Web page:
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‘Were’ Is My Mind?

Jenny wasn't completely captivated (sorry) by Carrie Jones' Captivate (a Need book), but it nicely sets up the next installment.

‘Were’ Is My Mind?

BOOK REPORT for Captivate (Need Book 2) by Carrie Jones

BFF Charm: Yay
Swoonworthy Scale: 5
Talky Talk: Internal Monolougerific-ish
Bonus Factors: Mysterious Loner Pixie King
Relationship Status: Last Year's Summer Camp BFF

The Deal:

Zara and her very own gang of Scoob are settling into a calm winter in Maine in this sequel to Need. The pixies are contained, and Zara and Nick are super-in-love. But even as the kids work on their book How to Survive a Pixie Attack, they know they've only put a bandaid over the pixie problem. See, the pixie king is growing weaker in his Zara-induced prison, and his control over his pixies is slipping. That's something that won't fly in the pixie world. New kings are going to start arriving, and declaring war on the old king to take over the area. And that could spell trouble with a capital "T" for the humans.

When such an one shows up, he actually approaches Zara in peace. He says he's not evil, and that pixies and humans and weres can actually co-exist peacefully. (Nick believes this is hogwash.) But the new king is insistent, and he also thinks Zara is fated to be his queen.

Tragedy strikes and Zara is thrust into acting rashly to save the one she loves. But just what will she give up, and how will that change her destiny?

BFF Charm: Yay

I ADORED Zara in the first book, much like you do when you're getting to know your new BFF, BEFORE you learn they have any faults. In this book, Zara was established, and actually in a healthier place mentally than the first book, but because she was moving forward, I felt I got a little bit less of the inner-workings of her brain - and I missed that. I definitely still loved her in this book, but the bubbles in my champagne adoration had fizzled a little bit.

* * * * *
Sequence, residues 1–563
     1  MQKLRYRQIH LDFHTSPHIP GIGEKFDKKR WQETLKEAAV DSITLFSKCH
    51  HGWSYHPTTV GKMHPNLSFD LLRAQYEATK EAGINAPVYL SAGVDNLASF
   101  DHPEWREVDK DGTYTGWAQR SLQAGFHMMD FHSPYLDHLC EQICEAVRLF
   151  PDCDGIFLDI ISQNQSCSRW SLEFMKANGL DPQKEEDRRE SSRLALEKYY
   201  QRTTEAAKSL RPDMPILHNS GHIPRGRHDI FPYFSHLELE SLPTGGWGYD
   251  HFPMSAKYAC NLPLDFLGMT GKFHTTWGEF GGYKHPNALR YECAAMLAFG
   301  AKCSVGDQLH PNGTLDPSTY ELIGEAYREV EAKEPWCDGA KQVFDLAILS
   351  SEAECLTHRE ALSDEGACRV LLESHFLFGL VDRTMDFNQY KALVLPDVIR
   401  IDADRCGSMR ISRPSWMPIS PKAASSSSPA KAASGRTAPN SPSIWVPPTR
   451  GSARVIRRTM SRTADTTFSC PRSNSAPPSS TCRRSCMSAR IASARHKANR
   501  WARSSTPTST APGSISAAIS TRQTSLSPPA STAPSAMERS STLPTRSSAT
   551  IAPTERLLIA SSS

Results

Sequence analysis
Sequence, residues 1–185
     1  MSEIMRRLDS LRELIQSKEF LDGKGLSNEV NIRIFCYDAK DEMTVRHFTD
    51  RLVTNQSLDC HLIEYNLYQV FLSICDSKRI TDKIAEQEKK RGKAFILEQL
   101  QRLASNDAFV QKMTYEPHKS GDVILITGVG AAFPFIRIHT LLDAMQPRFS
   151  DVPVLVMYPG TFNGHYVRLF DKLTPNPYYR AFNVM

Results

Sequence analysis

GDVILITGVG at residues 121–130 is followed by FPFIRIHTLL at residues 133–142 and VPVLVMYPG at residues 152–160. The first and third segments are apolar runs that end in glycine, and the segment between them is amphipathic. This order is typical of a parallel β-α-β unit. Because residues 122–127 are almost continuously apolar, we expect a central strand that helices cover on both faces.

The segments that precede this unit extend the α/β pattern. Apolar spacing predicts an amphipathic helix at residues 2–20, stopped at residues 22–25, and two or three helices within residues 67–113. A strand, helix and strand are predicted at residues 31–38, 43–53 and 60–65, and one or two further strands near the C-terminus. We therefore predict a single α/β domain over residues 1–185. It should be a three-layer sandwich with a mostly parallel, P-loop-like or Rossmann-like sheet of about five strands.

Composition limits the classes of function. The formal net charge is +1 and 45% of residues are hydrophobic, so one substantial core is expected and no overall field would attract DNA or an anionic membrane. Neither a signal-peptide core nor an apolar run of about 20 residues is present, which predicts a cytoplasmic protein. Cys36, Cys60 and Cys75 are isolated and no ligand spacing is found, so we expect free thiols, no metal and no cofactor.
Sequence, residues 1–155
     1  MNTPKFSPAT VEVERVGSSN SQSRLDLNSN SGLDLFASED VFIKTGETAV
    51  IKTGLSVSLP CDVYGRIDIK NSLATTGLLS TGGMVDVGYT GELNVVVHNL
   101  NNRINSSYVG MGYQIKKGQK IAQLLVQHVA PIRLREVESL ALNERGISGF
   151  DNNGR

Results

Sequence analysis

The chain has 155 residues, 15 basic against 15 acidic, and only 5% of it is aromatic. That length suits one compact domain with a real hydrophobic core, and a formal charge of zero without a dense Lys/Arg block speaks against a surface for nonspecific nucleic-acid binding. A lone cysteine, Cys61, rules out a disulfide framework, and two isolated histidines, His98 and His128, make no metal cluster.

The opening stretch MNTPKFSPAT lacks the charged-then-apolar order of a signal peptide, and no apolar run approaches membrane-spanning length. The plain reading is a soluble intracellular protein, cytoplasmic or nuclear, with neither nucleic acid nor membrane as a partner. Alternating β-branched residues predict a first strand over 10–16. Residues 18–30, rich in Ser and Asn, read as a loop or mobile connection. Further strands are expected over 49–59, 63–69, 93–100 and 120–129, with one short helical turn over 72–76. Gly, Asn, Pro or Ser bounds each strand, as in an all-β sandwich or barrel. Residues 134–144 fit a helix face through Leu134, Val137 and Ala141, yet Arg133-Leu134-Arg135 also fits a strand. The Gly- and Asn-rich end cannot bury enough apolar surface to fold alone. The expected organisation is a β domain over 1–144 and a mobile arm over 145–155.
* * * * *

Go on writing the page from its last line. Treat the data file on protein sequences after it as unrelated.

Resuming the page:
Swoonworthy Scale: 5

I love Zara and Nick together, and with the introduction of Astley the groundwork is laid for some nice lover's geometry in the next installment. However, being older than the target audience for this book meant one thing for me: I wanted a LOT more intensity than I got. (I mean, come on, they're TEENAGERS for Christsakes! Shouldn't they at least WANT to jump each other's bones? I mean, plot and action are all well and good, but they're in Maine, let's turn up the heat!)

Talky Talk: Internal Monologuerific-ish

This book doesn't suffer from the typical middle-book-in-a-series-slump. It has a lot going on, and the characters develop immensely through its pages. However, I think I'm going to like the next one more.

Carrie Jone's writing style REALLY appeals to teenagers, which is good, because she knows her target audience. The teenagery-ness didn't detract from my reading experience, per se, I just wasn't quite as in love with it as when I read the first book. Then again, I just LIKED Need the first time I read it, and it took a second perusal to put me under its thrall, so maybe this one would be the same.

Bonus Factor: Mysterious Loner Pixie King

I know, guys, faeries and pixies, really? But these pixies are actually pretty creepy! They can appear human, even to themselves, but they are really quite beastly. I tell you this because with the torrent of YA fantasy that is being published, it seems the established boundaries of each mythical creature is being completely re-written. And in this case, that's a good thing. So, is Astley a good pixie king, as he claims? We don't know, but he ratchets up the intensity, and for that, I really like him. (But my super loyal nature is still rooting for Nick.)

Casting Call:

See my post on Need for Zara and Nick.

Alexander Skarsgard as Astley

I mean, really. Any chance one of us gets to cast this guy is a good day.

Relationship Status: Last Year's Summer Camp BFF

I tried to keep in touch with this book, to keep up our BFF-ness, really I did. But I got caught up with my other friends back home. So maybe that's why I felt like me and this book didn't quite connect the way we did last time. Or maybe you can never recapture that first summer at camp together. We're still definitely friends, and I look forward to camping with the third installment, but I think once we stop going to camp we won't connect for, like, 15 years, until it looks me up when Facebook is invented.

Jenny Bird's photo About the Author: Jenny grew up on a steady diet of Piers Anthony, Isaac Asimov and Star Wars novels. She has now expanded her tastes to include television, movies, and YA fiction.